I know I should know this being that I consider myself a devout fan of basketball, but what happens if the inbounds dude throws a full counter and makes it? I fully believe they would discount it, but it would be more entertaining to allow the basket to count with no time coming off the clock. In fact, go ahead and give them a free shot at it with the consequence being, well... You lose.

Prince Lover

March 18th, 2015 at 12:43 AM ^

Where Adrian Dantley in a similar situation threw the ball in (from half court though) as an alley pop pass to John Salley. He ended up making the shot, which was a pass though, and no one touched it so they gave the ball to the other team. George Blaha was mad at Salley because all John would have had to do was touch the ball any way possible to make it count.
Don't know if rules have changed or even if the pro rule is the same as college.

rob f

March 18th, 2015 at 12:33 AM ^

when I clicked on the thread title, I had my finger ready to neg.  But once I saw the OP was by you, Muttley, and especially once I read it, an upvote instead.

MI Expat NY

March 18th, 2015 at 9:35 AM ^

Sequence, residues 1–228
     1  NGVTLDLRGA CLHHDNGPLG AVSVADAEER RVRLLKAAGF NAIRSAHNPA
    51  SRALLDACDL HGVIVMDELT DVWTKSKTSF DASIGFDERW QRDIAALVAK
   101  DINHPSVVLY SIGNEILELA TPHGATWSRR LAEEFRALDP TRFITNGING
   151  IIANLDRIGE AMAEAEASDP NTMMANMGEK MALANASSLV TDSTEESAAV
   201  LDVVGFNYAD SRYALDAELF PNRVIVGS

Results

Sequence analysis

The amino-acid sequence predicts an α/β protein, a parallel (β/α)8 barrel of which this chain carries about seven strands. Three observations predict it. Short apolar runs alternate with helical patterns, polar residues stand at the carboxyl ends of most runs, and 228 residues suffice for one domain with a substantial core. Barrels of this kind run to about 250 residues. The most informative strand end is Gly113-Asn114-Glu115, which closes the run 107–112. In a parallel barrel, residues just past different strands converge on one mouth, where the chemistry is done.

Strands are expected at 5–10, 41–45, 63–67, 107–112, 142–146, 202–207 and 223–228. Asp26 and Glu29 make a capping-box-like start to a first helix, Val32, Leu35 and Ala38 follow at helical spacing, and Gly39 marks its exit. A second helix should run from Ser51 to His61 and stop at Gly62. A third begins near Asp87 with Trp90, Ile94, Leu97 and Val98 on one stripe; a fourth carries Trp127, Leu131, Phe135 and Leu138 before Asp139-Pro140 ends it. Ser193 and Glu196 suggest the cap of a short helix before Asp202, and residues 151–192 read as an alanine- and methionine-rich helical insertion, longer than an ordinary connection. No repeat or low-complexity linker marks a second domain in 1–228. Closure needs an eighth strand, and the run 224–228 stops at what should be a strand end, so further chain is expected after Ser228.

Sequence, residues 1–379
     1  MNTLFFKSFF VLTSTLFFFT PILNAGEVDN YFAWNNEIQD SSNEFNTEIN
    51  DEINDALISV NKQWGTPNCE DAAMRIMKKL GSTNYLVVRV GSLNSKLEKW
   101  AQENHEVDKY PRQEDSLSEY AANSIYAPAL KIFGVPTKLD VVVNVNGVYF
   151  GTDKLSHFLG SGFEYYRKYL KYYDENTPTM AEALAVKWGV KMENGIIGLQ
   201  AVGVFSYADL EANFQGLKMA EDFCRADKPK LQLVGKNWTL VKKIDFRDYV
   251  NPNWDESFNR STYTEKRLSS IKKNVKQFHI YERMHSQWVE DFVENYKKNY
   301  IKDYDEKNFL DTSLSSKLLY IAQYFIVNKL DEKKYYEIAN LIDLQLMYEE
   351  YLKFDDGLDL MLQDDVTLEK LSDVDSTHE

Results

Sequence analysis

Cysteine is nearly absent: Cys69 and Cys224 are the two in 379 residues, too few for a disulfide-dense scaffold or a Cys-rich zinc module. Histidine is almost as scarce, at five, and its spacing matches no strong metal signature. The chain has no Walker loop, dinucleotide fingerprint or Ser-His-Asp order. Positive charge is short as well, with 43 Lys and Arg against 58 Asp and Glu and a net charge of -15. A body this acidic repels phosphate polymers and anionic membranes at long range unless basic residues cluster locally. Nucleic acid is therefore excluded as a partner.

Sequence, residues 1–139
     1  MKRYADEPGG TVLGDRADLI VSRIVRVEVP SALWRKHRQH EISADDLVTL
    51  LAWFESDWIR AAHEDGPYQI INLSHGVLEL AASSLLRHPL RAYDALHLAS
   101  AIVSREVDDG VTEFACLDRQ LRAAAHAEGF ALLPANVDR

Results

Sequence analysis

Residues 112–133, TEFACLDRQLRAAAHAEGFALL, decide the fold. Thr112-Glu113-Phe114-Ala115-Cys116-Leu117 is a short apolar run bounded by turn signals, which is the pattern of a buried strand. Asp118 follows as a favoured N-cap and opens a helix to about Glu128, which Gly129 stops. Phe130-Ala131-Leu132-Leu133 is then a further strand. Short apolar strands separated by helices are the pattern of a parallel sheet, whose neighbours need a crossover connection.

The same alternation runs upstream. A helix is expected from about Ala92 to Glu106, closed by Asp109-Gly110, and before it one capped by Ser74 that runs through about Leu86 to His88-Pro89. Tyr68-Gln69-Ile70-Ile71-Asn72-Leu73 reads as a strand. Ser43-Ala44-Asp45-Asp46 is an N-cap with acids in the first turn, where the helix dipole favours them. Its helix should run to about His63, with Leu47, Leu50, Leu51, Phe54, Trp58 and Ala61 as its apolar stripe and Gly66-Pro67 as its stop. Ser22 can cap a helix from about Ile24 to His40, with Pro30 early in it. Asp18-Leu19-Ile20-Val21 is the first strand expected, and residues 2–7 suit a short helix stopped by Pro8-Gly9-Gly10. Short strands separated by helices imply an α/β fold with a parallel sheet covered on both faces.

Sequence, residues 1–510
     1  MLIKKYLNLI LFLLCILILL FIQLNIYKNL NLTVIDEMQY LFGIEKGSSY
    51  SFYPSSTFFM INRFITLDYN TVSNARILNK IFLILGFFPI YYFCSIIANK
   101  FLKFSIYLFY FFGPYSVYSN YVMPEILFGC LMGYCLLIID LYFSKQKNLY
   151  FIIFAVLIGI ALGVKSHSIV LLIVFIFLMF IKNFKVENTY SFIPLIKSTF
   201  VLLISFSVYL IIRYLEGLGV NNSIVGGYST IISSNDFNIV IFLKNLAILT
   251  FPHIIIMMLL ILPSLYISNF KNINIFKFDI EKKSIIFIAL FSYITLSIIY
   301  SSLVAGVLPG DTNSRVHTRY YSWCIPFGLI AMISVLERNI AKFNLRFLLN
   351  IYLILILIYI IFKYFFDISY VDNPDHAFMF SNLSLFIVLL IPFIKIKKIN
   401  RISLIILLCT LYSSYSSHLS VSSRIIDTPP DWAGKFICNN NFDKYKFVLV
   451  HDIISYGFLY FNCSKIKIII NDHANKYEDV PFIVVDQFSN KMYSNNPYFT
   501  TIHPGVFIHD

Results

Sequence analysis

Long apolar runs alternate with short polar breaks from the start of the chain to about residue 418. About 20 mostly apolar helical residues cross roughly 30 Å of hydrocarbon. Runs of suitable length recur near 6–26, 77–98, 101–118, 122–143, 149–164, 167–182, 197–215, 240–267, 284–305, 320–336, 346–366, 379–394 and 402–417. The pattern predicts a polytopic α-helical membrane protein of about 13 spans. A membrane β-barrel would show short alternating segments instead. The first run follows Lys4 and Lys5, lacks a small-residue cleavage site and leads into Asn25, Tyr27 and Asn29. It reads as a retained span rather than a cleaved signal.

Nobody is going to seriously defend a 3, so hoping for a foul is sort of silly and may even be detrimental to your chances to make the shot if the offensive player looks to create contact.  The best bet is to try and catch the ball as close to the basket as possible, make the immediate bucket, and look to create a turnover (preferably a 5-second call) on the inbounds play.  

Mr. Yost

March 18th, 2015 at 4:36 AM ^

What does putting hockey in this and pulling your goalie have to do with anything? You can't do anything even close in basketball like you can in hockey or soccer. Even in baseball you can play 6 infielders in certain situations knowing that if the ball reaches the outfield, the game is over.

Nonetheless, you are correct and the heave on the first possession is always better than assuming you can score then score again on the second possession.

This is a big reason why the NBA advances the ball, however, I hate that rule. A timeout should be a timeout, not a strategy to move the ball forward. That is so stupid. Could you imagine that in football? My God.


Another thing college players never do correctly is attempt the 3 when you have timeouts and you know the defense is going to foul because they're up 3 with 5 seconds or less in the game. Or when they have fouls to give late in the game and they're trying to foul to shorten the game/play.